Then there is also the issue of a lack of clarity in the terms used by EIA consultants. The high-profile cases of the Mandai and Cross Island Line projects underscore this. On the Mandai project, the NSS said in a position paper in September that some of the impact assessments in the EIA had been underplayed. An example was the EIA's assessment of the magnitude of the environmental impact of clearing 28.5ha of natural habitat in Mandai.
The EIA on Mandai was carried out by the consultancy Environmental Resources Management, which also did the Cross Island Line EIA. It determined that in the case of Mandai, the impact could be reduced from "medium" to "small" if mitigation measures, such as forest restoration and avoiding work in certain areas, were enforced.
But the NSS said the report did not provide information on what percentage of the existing habitat this amounted to, and questioned how the impact magnitude was obtained, considering the project site's strategic location just outside the nature reserve.
It recalls a time earlier this year when the Land Transport Authority (LTA) revealed the results of the first phase of the EIA for the Cross Island Line, which had looked at the impact of tests to determine the soil and rock profile under the reserve. EIA had put the impact of soil works as "moderate" if mitigating measures were strictly enforced. But members of the public were left scratching their heads as to what "moderate" meant.
It prompted Non-Constituency MP Leon Perera to ask in Parliament how the consultants arrived at the conclusion. In response, Senior Minister of State for National Development Desmond Lee produced a matrix showing that the nature reserve, comprising primary rainforests, was a "highly sensitive" habitat but that the magnitude of impact of the investigation works would be "small" as the Government would put in place mitigating measures. The final impact was thus judged "moderate".
Some ecologists, however, found the assessment highly subjective. They would like to see some standards established, with Ms Huang, for one, suggesting that the assessor be an experienced biologist familiar with the local environment, and that the terms be based on scientific evidence and expert judgement. In that way, they would be "reasonably robust", she says.
Public access to findings
Hong Kong and Australia require developers to be transparent with the EIA results. Singapore government agencies are, however, not bound by any such requirement.
Associate Professor Lye Lin-Heng, director of the National University of Singapore's (NUS) Asia-Pacific Centre for Environmental Law, says transparency is important "as the Government is not the sole repository of information about the habitats". Dialogue with scientists, nature groups and members of the public would help the authorities make more informed decisions about whether to proceed with a development and how to do so, she adds.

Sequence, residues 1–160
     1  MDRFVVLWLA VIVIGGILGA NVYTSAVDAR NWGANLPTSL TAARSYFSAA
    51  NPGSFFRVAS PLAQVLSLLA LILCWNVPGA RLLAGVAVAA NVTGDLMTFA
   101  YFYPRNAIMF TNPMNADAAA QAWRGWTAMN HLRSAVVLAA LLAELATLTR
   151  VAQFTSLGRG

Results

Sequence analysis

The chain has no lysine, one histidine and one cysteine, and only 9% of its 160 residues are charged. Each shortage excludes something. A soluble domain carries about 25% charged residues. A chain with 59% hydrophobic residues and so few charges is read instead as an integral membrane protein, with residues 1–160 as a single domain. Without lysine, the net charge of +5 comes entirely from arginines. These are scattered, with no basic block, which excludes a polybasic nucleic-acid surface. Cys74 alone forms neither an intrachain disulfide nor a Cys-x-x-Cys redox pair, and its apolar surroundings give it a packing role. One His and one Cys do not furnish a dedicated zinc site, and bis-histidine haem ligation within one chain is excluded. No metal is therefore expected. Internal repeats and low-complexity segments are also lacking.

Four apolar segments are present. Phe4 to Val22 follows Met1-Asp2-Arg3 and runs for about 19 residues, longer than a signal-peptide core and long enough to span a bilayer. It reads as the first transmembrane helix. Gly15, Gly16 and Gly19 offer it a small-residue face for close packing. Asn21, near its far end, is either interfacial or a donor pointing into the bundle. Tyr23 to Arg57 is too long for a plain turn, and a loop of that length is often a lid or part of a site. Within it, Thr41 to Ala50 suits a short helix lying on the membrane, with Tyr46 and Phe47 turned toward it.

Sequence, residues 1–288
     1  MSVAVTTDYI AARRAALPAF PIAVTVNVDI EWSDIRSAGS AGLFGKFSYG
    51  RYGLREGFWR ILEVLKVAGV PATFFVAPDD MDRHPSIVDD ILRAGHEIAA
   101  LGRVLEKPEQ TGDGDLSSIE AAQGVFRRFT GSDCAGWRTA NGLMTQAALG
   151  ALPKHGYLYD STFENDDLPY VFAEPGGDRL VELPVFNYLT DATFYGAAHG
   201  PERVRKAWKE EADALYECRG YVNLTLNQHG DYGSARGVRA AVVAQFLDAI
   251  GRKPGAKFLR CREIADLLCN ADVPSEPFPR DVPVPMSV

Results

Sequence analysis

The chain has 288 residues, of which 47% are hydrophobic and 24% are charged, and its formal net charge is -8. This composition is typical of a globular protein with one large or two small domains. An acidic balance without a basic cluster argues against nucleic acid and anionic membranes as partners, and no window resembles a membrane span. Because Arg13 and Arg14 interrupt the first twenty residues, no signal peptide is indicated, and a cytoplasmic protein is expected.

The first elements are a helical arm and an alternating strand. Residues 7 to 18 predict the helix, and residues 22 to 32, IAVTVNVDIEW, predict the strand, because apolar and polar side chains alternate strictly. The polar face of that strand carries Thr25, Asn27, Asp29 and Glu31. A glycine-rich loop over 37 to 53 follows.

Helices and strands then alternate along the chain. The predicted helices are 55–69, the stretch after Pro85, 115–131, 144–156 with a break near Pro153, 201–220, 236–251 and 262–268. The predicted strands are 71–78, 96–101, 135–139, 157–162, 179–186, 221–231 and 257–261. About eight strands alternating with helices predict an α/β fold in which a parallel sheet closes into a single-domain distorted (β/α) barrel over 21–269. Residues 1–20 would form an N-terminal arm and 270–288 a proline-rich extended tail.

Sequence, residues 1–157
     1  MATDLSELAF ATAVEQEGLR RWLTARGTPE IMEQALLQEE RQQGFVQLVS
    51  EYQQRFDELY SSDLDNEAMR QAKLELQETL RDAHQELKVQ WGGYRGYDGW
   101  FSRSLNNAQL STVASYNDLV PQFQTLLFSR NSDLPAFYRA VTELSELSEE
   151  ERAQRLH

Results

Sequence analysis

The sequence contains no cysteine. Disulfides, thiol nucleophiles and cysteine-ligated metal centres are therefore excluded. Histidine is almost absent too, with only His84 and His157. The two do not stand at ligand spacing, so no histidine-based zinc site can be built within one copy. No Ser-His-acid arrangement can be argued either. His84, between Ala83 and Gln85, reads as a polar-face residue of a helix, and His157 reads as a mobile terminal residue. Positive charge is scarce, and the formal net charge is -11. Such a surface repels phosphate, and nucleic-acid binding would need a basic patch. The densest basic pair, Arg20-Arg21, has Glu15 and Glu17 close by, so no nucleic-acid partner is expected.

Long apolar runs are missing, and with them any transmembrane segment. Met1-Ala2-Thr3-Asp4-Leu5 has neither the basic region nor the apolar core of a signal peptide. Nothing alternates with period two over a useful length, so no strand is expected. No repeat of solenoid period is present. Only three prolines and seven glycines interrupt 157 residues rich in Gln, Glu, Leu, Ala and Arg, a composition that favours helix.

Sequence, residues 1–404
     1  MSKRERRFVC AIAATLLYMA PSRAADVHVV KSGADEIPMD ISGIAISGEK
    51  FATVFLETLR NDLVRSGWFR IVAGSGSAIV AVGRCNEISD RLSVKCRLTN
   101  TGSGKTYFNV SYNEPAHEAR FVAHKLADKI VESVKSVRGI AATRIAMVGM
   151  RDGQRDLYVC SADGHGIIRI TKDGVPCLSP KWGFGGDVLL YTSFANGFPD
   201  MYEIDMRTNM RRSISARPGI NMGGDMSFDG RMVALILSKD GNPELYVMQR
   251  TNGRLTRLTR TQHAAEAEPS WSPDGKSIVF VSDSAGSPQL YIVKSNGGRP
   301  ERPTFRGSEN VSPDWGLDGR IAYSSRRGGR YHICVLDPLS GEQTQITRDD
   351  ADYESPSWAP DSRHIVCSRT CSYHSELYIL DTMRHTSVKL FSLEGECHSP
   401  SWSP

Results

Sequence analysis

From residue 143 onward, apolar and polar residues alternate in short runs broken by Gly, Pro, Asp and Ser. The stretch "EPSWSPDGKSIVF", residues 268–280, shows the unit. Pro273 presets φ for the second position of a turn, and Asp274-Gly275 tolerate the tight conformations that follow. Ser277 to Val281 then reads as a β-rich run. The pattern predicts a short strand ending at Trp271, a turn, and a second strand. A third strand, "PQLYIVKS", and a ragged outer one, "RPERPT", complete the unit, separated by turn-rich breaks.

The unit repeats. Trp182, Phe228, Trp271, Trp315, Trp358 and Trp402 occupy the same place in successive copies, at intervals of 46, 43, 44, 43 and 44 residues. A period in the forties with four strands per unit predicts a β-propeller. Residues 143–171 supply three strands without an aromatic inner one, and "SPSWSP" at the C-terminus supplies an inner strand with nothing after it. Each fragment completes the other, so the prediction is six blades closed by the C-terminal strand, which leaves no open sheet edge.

Both Mandai Park Holdings and the LTA have made their EIAs available online but the LTA did so only after members of the public complained about limited access to the 1,000-page document. The LTA first gazetted the report on Feb 5, but people could look at the report only after the Chinese New Year break on Feb 10, and then only by appointment at the LTA's Hampshire Road premises.
Developer Mandai Park Holdings did better in this aspect. It consulted nature groups and government agencies on the approach, methodology and results of the EIA several times and this consultation process was initiated in 2012, well before the EIA process began in late 2014.
Mandai Park Holdings also engaged an environmental advisory panel to provide counsel and oversight on the implementation of mitigation measures set out in the EIA.
Given that Singapore is fairly new to the EIA process, it should be no surprise that there is room for improvement.
In considering how best to move forward, it is useful to return to the intent of EIAs, which is to assess potential harm and take steps to minimise irreversible damage.
To realise that, the EIA process here needs to be made more robust.
Dr Nanthinee Jevanandam, a sustainability specialist from Earthys Sustainability Consulting, sums it up well.
She says: "It is better to avoid a problem than to create it, then try and find a fix which may or may not be effective. If you consider this question on a global level, climate change would not have been an issue if we had considered environmental impact in becoming more industrialised."
A version of this article appeared in the print edition of The Straits Times on November 03, 2016, with the headline 'A better way to assess harm to environment'. Print Edition | Subscribe